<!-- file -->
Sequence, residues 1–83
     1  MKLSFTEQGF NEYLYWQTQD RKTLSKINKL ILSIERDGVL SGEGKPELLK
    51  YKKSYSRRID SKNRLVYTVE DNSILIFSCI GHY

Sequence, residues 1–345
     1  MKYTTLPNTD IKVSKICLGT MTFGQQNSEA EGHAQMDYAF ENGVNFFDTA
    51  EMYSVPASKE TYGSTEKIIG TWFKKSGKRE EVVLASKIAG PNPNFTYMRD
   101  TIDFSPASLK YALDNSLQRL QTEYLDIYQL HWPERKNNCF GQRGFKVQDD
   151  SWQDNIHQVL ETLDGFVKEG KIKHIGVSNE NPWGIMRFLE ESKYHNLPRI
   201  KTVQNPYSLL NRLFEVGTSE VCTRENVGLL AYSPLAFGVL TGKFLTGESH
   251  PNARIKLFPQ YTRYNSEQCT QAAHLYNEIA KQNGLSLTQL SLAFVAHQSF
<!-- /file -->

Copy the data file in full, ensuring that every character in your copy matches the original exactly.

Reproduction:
Sequence, residues 1–83
     1  MKLSFTEQGF NEYLYWQTQD RKTLSKINKL ILSIERDGVL SGEGKPELLK
    51  YKKSYSRRID SKNRLVYTVE DNSILIFSCI GHY

Sequence, residues 1–345
     1  MKYTTLPNTD IKVSKICLGT MTFGQQNSEA EGHAQMDYAF ENGVNFFDTA
    51  EMYSVPASKE TYGSTEKIIG TWFKKSGKRE EVVLASKIAG PNPNFTYMRD
   101  TIDFSPASLK YALDNSLQRL QTEYLDIYQL HWPERKNNCF GQRGFKVQDD
   151  SWQDNIHQVL ETLDGFVKEG KIKHIGVSNE NPWGIMRFLE ESKYHNLPRI
   201  KTVQNPYSLL NRLFEVGTSE VCTRENVGLL AYSPLAFGVL TGKFLTGESH
   251  PNARIKLFPQ YTRYNSEQCT QAAHLYNEIA KQNGLSLTQL SLAFVAHQSF